Motörhead frontman Ian Fraser “Lemmy” Kilmister left this world on December 28, 2015 after a short battle with an aggressive cancer. The 70-year-old rocker had numerous health issues over the last two years, including a hematoma which led to a defibrillator fitting to correct his heart problems. Lemmy joked that he was indestructible and let everyone know that he wasn’t afraid of death.
Born on Christmas Eve in 1945 in Straffordshire, England, Lemmy was abandoned by his father as a baby and raised by a strict stepfather – surefire ammunition for a budding rocker. At 16, he went to see the Beatles at the Cavern Club in Liverpool and soon after he was teaching himself guitar. In the mid 60’s he was playing with the Rainmakers, Motown Sect, and the Rockin’ Vickers. He was Jimi Hendrix’s roadie for a short while until he joined psychedelic rockers Sam Gopal in 1969. Ian was comically dubbed “Lemmy” as his most common uttered phrase at the time was, “Lemmy a fiver.”
Lemmy (on the left) with his band Motörhead.
By 1972, Lemmy was the bassist for Hawkwind, singing on their hit “Silver Machine.” Thrown out of the band after a drug possession arrest, Lemmy got his revenge by starting a band called Bastard with Larry Wallis and drummer Lucas Fox, which later became Motörhead. Two years after the United Artists label rejected On Parole, Motörhead’s debut LP, Lemmy teamed up with new guitarist, “Fast” Eddie Clarke and drummer Phil “Philthy Animal” Taylor and released updated versions as Motörhead’s eponymous heavy metal debut in 1977.
Famous for saying that he started a band to get with girls, Lemmy was one of the most honest characters you could meet. Jack Daniels with Coke was his regular drink and a cigarette was always close by. At the Rainbow Room in Hollywood where he would hang out on non-amateur nights in the middle of the week, he would always graciously take photos with any fan that asked him.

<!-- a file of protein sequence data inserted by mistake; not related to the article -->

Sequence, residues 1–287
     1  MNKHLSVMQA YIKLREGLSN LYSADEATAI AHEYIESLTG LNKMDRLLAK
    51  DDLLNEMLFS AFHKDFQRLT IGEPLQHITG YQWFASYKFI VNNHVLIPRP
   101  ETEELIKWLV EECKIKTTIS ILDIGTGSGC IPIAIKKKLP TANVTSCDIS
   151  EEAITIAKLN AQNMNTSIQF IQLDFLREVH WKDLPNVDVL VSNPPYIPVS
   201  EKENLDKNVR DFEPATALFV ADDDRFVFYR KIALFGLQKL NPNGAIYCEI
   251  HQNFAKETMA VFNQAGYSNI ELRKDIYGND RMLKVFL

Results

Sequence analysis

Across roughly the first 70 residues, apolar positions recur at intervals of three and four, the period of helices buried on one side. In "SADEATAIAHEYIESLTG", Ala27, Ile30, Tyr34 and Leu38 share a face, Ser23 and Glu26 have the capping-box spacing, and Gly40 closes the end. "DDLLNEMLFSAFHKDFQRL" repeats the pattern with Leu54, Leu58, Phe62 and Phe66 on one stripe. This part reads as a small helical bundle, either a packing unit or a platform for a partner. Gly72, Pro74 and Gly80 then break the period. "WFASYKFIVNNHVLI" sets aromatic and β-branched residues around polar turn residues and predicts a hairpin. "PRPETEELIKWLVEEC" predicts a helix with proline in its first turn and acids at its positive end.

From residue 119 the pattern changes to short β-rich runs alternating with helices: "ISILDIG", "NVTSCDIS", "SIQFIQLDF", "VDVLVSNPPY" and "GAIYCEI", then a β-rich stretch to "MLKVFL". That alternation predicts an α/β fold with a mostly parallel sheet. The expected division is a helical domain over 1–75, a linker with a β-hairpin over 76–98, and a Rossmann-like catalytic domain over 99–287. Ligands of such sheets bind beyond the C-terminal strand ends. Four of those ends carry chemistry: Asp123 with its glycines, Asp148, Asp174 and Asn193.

I called up my British pal Nigel Mogg who lives in L.A. and knew Lemmy intimately to get some details:
Nigel Mogg with Lemmy.
Nigel: “I was a young kid at St. Moritz Club in Soho and Lemmy was always there. My uncle Phil, the singer of the band UFO knew Lemmy and that was my in.”
Lemmy: “I hear you’re in a good band finally. How are the Quireboys doing?”
Nigel: “I said good, but that I needed a spare bass. So the next day in St. Moritz behind the bar was a shitty pink bass that he left for me.”
Lemmy: “Just bring it back!”
Later in life, they reconnected in L.A. and became good pals. “Wanna go to the Rainbow?” was Lemmy’s usual question. ” I would hang at his house and he would make me listen to his new album in its entirety with multiple versions of the same song and not let you talk. If you tried to speak, he’d say, “SHHHH!!” “That can get really tedious after awile, even though I loved his music, but it was funny at the same time.”
Lemmy bought a lot of military memorabilia and I had a shotty dagger for sale so he offered me $300 for it. He asked me if I was broke and I denied it. So he had me come over and pick up cash that was scattered all over the floor in all denominations. When I was leaving he said, “You forgot something…. your dagger.”
So that was the kind of big heart he had. He never forgot his friends and was always there to lend a hand. He would always pick up his phone and never cared that I wasn’t famous. I called the day of one of his shows and he answered, “Plus one or two?” He was smart as a whip and would remember the little details of my life, like a girlfriend I had from 30 years ago, “Have you spoke to Sarah lately?”
“I’ve been to Russia, if I was around, I would have told Hitler not to go there, it’s horrible,” Lemmy would say as I gazed at his wall of daggers and medals. As a fellow Englishman of a certain age, he was very interested in World War II as well. I don’t know you that well but he was one of us, ya know? And he wanted to take care of his people.
-Nigel Mogg, guitarist
Generous, kind, and incredibly intelligent wrapped up in a street wise, hard partying, tough, biker shell. Lemmy sounds like one hell of a guy. Many of my friends knew him and loved him. Thank god I have the late sixties psych of my Sam Gopal record to listen to and Wes Orshoski’s brilliant documentary of his life simply titled, “Lemmy,” to remember the honest biker who saved our lives (and his own) with rock ‘n’ roll.
“People don’t read any more. It’s a sad state of affairs. Reading’s the only thing that allows you to use your imagination. When you watch films it’s someone else’s vision, isn’t it?” -Lemmy
“I don’t see why there should be a point where everyone decides you’re too old. I’m not too old, and until I decide I’m too old I’ll never be too fucking old.” -Lemmy